Looks can be deceiving – and this saying perfectly applies to the spotted lanternfly. This little insect will surely catch your attention. Its forewing is gray with a polka dot-like pattern of black spots. When it opens its wings, however, you will see nice bright colors and patterns. Its hind wings have contrasting patches of red and black and also have the same polka dot pattern as the forewing, while its abdomen has a yellow color with black bands. Looking at it, you would not think that this pretty little insect is a destroyer of worlds. But the first thing you have to do when you see this thing is to smash it.
What does it do?
In a nutshell, spotted lanternflies destroy trees relentlessly. They can feed on a wide variety of trees, making it very easy for them to grow in numbers and spread destruction. These insects can cause tree dieback, wilting, leaf curling, and oozing sap. Aside from damaging trees, spotted lanternflies produce a sugary substance called honeydew that promotes black sooty mold growth. Humans are unaffected by this mold, but it is harmful to plants.
The spotted lanternfly was first found in Pennsylvania last 2014 and has affected the livelihood of tree growers in the State since then. It is considered an invasive species originating from China and Southeast Asia. Being an invasive species, it has no natural predator in its new environment, allowing them to proliferate. Scientists fear that if they are undealt with, the spotted lanternfly can cost the State of Pennsylvania at least $324 million annually and the loss of more than 2800 jobs.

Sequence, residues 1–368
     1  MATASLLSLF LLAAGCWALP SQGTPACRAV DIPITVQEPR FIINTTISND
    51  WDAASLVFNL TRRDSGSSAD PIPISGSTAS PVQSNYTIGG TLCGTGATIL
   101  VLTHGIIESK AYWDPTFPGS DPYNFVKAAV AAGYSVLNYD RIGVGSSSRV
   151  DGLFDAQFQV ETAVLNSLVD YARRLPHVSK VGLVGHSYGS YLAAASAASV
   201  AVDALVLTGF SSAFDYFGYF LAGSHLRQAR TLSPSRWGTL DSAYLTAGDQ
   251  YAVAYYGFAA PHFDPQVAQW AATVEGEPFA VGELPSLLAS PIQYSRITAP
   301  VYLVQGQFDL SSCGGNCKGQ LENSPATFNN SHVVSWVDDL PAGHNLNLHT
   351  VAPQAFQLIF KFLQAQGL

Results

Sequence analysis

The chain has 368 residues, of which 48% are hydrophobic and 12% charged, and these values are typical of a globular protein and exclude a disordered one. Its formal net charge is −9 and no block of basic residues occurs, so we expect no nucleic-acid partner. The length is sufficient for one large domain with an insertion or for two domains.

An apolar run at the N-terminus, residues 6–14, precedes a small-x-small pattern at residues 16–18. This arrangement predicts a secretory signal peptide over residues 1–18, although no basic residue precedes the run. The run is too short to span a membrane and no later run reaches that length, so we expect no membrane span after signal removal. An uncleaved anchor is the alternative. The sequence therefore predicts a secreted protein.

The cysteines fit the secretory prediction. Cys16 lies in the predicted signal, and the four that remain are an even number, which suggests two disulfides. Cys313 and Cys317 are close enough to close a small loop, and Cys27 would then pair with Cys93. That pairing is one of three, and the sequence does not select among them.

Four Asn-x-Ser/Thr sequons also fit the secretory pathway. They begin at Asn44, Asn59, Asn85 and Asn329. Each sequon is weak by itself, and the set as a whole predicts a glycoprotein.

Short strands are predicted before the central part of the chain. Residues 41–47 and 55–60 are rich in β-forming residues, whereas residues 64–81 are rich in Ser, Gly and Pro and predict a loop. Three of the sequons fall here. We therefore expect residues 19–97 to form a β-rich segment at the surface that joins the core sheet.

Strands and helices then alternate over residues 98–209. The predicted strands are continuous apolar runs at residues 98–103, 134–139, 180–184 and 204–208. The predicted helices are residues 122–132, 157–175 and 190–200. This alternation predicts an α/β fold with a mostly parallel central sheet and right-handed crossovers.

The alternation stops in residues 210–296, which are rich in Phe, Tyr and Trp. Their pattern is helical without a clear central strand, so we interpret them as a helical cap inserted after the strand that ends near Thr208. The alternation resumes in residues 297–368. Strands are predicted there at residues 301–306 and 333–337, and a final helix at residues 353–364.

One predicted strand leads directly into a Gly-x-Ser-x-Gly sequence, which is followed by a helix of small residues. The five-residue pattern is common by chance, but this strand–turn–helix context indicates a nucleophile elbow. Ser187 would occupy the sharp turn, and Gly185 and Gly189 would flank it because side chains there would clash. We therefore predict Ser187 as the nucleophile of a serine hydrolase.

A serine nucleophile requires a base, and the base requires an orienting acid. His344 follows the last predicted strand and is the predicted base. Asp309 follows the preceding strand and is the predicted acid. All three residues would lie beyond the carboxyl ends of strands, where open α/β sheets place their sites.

Should we be worried about the lanternfly in California?
Yes. It is very likely for this insect to make its way to California. The question here is when will it arrive. It is really up to us to deal with the problem and control the damage it can do. We have to protect America’s agricultural engine that produces $50 billion a year.
Here in California, we have border protection stations that screen passenger vehicles and commercial shipments. The California Department of Food and Agriculture has the spotted lanternfly under its radar ever since it was first found in Pennsylvania. The State is unique in this regard. No other State can keep the lanternfly out as California can. The pest prevention system in the State will prevent all possible pests from coming inside.
However, there is still another problem. The spotted lanternfly may come from overseas through our international ports. California is America’s gateway to trade with Asia, and the insect originally came from there. To combat lanternflies, the University of California is already researching bio-interventions to deploy against the spotted lanternfly before they even arrive.
What can we do?
As futile as it may sound, the only thing we can do right now is to be keen for these little insects. We cannot eradicate what we cannot see. As of today, there hasn’t been any sighting of the spotted lanternfly in California. But it is possible that they are just hiding in plain sight. If ever you see a spotted lanternfly, you have to report it to the authorities as soon as possible.
Simple traps and lures remain to be our first line of defense against this destroyer. Pesticides are also still viable as it can deal with pests in general, but they are expensive. Until the bio-control agent under development goes up and running, we will have to rely on these methods.
We at Rocklin Pest Control can help you prepare for their arrival, which is only a matter of time.
(Source: Smithsonian Magazine)